Think again and try to recall, because it was an astonishingly historic day: the day the cast of “Glee” surpassed The Beatles for the most hits on the Billboard Hot 100 chart.
It gets worse: since late 2010, “Glee” has crept past mildly significant names like, say, James Brown, Aretha Franklin and the forgettable Elvis Presley.
This means “Glee,” an American television show that follows the successes and defeats of a competitive high school show choir whose songs (among them Toby Keith’s “Red Solo Cup,” Katy Perry’s “Teenage Dream” and Train’s “Hey Soul Sister”), are re-recorded and released with every episode, has become more successful than some of the most legendary names in music history.
Let’s backtrack: in the three-season history of “Glee,” there really have been a few notable musical events. When the show’s composers re-imagined the songs for a newer message, though hit-or-miss, “Glee”’s originality has shined through. Their aforementioned version of “Teenage Dream” featured the show’s dapper blue-blazered rival choir Dalton Academy Warblers for the first time, incorporating a nearly a capella version of the song. It was fresh and unexpectedly charming for a group of all boys, earning a place at No. 1 on the digital charts and peaking at No. 8 on the Hot 100.
The unique part about “Glee” that originally charmed TV lovers and pop culture fanatics was the fantasy-like sequences that the show would project onto its viewers. In certain situations, like when sassy-sweet Mercedes felt overshadowed by the popularity of her boyfriend, it was fun to watch her channel her angst and frustration on stage, alone, backed by a full band to sing “Spotlight” by Jennifer Hudson with all the emotion that her body contained.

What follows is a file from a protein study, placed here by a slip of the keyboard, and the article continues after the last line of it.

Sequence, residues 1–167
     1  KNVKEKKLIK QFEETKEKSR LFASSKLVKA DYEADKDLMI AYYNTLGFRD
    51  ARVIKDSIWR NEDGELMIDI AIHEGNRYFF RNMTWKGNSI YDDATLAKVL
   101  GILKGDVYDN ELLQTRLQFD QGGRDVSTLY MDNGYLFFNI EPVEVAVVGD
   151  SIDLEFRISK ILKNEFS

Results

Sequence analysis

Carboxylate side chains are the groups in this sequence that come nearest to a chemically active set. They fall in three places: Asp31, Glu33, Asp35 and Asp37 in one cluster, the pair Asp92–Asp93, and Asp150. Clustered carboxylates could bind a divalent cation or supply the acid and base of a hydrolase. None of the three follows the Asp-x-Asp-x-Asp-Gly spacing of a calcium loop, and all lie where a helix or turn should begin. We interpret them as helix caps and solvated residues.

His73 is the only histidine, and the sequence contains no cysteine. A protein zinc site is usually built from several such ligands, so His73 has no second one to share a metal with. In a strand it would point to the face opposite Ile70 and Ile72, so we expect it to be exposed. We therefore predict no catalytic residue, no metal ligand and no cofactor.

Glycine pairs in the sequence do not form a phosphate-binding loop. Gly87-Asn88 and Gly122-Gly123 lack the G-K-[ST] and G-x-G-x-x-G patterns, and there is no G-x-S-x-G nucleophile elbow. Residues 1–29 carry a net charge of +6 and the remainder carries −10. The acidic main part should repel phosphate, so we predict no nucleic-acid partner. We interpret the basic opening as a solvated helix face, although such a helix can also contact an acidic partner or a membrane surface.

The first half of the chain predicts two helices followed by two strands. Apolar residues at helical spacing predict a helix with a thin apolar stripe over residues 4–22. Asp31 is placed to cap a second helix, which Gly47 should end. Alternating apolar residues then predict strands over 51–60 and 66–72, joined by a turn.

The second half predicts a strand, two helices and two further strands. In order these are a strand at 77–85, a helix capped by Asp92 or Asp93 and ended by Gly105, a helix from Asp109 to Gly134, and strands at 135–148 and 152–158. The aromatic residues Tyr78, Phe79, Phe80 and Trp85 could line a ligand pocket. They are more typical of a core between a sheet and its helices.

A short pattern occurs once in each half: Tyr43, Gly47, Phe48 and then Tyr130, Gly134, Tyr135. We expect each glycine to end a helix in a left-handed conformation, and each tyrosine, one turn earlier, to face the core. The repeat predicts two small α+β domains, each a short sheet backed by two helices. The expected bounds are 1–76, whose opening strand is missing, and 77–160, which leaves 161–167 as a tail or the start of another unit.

People enjoyed this surrealism the show inspires: nobody questioned whether this happened in the character’s head or not, or how she performed with a band with no shown rehearsal time. It was simply the character’s bitterness being relieved as a soliloquy for viewers to indulge in. Yes, adding a new context to an already fulfilling narrative in a song is exciting for people to watch.
But at what point does “Glee” cross the line in manipulating the intentions of its original performers? And is it right for a show to earn a place on the chart nearly every week–amounting to hundreds of hits–with only a small handful of original songs to their name?
But “Glee” didn’t do it like the people below them on the list. The cast didn’t promote, perform live and conceptualize like Ray Charles and Elton John did. Being a decent television show on a popular network at a convenient timeslot isn’t hard to see past. Plus, between six and ten singles are released every week. Of course they did well.
This being the show’s third season, producers of the show may have felt the stress of declining ratings, thus implementing a change in song choice and character motivation to align with more recent radio hits. Since the start of the latest season, the “Glee” cast has traded renditions of classics like “Don’t Stop Believin’” (another digital chart-topper for the show) and Celine Dion’s “Taking Chances” for songs with of a story and more of an appeal.
In the past months of the show, such revolutionary hymns have graced the small screen as “Sexy And I Know It” and “Stereo Hearts,” both along the “just-sing-and-look-pretty” storylines of fluff and equally popular at the time of their airing. There were even two episodes featuring dedications to the late Whitney Houston.
To put it simply, “Glee” sold out hardcore.
Not only does it hurt to know a dumb TV show is so influential, but in some instances, the songs outperform its original version. Last month, Glee’s stripped cover of Florence & The Machine’s “Shake It Out” ranked at No. 71 on the charts. It didn’t just match the efforts of the British indie band. It had the nerve to land a single notch ahead of their No. 72 peak. Now this is crossing the line.
It’s hard to believe that in a few decades, people will look at the charts and see “Glee” among the greats, possibly still reigning with the most charted singles because of a few more seasons of drawn out hooplah before eventually burning out in, say, 2014. But at least we’ll be able to tell our kids that they sounded like Kidz Bop and managed to piss on everybody else’s songs. It’ll be our only defense.